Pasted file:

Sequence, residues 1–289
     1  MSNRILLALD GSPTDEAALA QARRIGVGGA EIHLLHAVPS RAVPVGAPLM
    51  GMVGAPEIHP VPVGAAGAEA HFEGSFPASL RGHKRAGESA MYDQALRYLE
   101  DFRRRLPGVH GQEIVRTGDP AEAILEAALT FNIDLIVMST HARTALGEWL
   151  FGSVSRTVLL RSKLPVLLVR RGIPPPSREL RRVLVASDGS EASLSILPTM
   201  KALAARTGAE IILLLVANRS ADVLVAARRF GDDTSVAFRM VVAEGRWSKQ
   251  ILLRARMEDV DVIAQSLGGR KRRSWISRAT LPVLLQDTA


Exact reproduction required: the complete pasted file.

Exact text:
Sequence, residues 1–289
     1  MSNRILLALD GSPTDEAALA QARRIGVGGA EIHLLHAVPS RAVPVGAPLM
    51  GMVGAPEIHP VPVGAAGAEA HFEGSFPASL RGHKRAGESA MYDQALRYLE
   101  DFRRRLPGVH GQEIVRTGDP AEAILEAALT FNIDLIVMST HARTALGEWL
   151  FGSVSRTVLL RSKLPVLLVR RGIPPPSREL RRVLVASDGS EASLSILPTM
   201  KALAARTGAE IILLLVANRS ADVLVAARRF GDDTSVAFRM VVAEGRWSKQ
   251  ILLRARMEDV DVIAQSLGGR KRRSWISRAT LPVLLQDTA